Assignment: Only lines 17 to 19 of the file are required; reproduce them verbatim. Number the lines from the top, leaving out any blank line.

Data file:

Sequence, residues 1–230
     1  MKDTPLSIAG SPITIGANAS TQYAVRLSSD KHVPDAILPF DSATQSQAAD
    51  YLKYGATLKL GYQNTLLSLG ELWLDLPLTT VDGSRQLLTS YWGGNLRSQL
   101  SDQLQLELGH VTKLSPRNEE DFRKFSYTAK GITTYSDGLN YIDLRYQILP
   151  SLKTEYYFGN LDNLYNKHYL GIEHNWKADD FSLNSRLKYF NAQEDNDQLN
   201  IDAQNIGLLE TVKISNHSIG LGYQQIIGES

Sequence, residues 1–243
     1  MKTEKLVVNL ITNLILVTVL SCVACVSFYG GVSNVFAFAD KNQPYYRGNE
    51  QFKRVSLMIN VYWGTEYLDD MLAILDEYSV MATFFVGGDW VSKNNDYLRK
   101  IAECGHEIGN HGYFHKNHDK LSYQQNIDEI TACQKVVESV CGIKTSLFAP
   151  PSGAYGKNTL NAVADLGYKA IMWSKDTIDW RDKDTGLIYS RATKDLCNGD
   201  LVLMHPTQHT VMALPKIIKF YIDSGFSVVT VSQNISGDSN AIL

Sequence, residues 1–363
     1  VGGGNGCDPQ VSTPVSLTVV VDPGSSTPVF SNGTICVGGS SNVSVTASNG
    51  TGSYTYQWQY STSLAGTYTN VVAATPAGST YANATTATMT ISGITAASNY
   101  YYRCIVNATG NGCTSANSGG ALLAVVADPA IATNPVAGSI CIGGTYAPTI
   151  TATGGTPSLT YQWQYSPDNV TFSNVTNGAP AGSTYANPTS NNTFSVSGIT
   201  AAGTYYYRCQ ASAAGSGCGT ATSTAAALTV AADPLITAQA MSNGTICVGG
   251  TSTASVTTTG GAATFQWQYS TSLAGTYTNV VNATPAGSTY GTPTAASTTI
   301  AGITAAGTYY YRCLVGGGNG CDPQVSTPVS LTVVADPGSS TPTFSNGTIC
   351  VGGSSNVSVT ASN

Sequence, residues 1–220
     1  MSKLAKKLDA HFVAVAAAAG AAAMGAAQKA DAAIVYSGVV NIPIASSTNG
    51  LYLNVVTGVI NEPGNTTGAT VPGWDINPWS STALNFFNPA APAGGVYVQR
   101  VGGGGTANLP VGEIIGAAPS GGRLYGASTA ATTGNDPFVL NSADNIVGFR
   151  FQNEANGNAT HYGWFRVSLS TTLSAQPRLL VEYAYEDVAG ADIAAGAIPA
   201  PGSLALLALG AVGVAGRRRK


   151  TATGGTPSLT YQWQYSPDNV TFSNVTNGAP AGSTYANPTS NNTFSVSGIT
   201  AAGTYYYRCQ ASAAGSGCGT ATSTAAALTV AADPLITAQA MSNGTICVGG
   251  TSTASVTTTG GAATFQWQYS TSLAGTYTNV VNATPAGSTY GTPTAASTTI